Minisatellites are highly variable tandem repeats used for over 20 years in humans for DNA fingerprinting. In prokaryotes fingerprinting techniques exploiting VNTR (variable number of tandem repeats) polymorphisms have become widely used recently in bacterial typing. However although many investigations into the mechanisms underlying minisatellite variation in humans have been performed, relatively little is known about the processes that mediate bacterial minisatellite polymorphism. An understanding of this is important since it will influence how the results from VNTR experiments are interpreted. The minisatellites of Mycobacterium tuberculosis are well characterized since they are some of the few polymorphic loci in what is otherwise a very homogeneous organism. Using VNTR results from a well-defined and characterized set of M. tuberculosis strains we show that the repeats at a locus are likely to evolve by stepwise contraction or expansion in the number of repeats. A stochastic continuous-time population mathematical model was developed to simulate the evolution of the repeats. This allowed estimation of the tendency of the repeats to increase or decrease and the rate at which they change. The majority of loci tend to lose rather than gain repeats. All of the loci mutate extremely slowly, with an average rate of 2.3 × 10-8, which is 350 times slower than that of a set of VNTR repeats with similar diversity observed experimentally in Escherichia coli. This suggests that the VNTR profile of a strain of M. tuberculosis will be indicative of its clonal lineage and will be unlikely to vary in epidemiologically-related strains.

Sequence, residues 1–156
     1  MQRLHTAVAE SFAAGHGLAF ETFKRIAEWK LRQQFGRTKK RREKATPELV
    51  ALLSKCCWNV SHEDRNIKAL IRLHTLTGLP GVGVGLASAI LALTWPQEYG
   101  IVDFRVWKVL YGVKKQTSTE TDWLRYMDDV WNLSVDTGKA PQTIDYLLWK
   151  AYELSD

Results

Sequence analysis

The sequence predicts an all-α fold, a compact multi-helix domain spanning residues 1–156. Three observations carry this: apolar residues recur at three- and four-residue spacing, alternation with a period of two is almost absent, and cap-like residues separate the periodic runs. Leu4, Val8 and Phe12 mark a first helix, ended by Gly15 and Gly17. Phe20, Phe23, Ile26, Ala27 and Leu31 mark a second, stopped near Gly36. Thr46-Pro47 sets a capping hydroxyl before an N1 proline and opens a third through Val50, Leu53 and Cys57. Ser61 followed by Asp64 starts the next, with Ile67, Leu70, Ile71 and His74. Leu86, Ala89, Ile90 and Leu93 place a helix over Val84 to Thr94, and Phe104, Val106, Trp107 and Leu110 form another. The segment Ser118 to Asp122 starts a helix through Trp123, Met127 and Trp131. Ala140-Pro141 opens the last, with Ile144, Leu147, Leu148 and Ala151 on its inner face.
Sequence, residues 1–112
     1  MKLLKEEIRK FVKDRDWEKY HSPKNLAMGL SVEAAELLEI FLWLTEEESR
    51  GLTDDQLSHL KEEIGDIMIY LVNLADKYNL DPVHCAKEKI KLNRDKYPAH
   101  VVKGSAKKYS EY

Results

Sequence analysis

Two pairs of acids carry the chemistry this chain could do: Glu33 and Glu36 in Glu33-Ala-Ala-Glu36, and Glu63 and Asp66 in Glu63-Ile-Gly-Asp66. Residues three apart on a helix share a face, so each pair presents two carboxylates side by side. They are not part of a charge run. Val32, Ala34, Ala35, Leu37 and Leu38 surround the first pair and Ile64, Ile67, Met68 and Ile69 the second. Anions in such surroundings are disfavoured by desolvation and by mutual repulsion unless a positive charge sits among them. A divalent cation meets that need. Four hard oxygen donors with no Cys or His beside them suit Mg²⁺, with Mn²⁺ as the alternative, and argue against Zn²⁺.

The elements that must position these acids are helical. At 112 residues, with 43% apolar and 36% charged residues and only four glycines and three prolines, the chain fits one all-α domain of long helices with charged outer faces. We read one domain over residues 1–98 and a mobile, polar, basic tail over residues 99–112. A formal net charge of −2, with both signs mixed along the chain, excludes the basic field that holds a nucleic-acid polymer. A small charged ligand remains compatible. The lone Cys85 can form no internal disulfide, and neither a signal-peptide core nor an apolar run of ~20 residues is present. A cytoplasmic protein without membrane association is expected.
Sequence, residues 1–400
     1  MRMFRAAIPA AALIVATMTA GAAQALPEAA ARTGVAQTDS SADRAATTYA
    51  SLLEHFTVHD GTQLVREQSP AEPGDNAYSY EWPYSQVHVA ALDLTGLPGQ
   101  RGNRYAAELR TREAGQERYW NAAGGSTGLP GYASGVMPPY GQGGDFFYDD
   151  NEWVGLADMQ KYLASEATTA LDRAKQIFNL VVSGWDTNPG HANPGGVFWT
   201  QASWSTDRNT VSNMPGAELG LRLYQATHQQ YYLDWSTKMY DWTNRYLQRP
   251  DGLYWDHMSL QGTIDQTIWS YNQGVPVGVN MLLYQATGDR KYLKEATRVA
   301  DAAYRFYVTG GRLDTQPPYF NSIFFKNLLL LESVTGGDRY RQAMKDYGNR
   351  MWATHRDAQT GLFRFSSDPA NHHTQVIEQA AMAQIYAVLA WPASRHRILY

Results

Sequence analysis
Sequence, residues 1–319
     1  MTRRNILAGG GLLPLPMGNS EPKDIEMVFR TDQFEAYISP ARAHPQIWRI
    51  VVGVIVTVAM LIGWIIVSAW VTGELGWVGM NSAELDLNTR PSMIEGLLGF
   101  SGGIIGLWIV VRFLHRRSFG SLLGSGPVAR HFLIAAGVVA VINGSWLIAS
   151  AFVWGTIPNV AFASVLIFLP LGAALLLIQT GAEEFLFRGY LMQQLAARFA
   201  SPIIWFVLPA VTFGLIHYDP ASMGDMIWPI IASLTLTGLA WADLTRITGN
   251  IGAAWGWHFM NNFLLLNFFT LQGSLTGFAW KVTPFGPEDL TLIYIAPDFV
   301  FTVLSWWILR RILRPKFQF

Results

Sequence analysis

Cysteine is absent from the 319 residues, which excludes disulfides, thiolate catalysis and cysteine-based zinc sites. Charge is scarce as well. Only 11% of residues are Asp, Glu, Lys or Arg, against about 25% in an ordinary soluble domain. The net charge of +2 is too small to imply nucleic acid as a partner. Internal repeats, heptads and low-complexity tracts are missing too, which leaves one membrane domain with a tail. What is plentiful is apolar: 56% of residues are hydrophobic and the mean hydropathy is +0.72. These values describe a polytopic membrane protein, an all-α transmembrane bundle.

Bibliographical noteFunding Information:
This work was supported in part by a PhD studentship funded by Biotage AB.
- Mathematical modelling
- Mycobacterium tuberculosis
- Stochastic processes